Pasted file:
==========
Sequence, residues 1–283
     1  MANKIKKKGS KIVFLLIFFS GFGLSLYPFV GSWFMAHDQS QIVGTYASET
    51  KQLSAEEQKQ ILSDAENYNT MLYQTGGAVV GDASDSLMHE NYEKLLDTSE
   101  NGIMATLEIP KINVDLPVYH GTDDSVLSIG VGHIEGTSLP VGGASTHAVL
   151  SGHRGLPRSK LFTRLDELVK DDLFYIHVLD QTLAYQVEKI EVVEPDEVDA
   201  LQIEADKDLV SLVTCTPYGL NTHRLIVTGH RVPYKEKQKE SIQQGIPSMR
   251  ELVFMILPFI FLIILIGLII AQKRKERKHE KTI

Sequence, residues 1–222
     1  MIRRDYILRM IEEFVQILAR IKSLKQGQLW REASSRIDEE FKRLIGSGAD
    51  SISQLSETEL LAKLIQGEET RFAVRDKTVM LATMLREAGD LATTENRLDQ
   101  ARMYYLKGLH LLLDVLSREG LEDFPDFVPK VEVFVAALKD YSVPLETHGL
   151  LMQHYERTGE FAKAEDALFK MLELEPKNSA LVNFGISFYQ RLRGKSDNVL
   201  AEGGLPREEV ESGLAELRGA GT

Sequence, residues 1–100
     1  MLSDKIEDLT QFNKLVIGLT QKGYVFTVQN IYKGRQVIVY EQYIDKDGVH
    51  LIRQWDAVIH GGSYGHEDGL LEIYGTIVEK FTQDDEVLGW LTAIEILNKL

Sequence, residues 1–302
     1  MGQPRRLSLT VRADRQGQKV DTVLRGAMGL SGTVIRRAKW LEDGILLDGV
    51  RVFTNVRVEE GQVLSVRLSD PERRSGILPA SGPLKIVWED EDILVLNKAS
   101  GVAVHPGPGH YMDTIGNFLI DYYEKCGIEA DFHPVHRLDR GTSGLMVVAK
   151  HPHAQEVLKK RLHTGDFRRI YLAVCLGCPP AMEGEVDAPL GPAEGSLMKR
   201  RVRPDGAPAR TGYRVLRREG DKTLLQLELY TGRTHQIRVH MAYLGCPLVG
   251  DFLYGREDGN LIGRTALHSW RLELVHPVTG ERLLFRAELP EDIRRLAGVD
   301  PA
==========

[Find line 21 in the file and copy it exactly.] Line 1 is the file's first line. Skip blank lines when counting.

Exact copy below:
   151  HPHAQEVLKK RLHTGDFRRI YLAVCLGCPP AMEGEVDAPL GPAEGSLMKR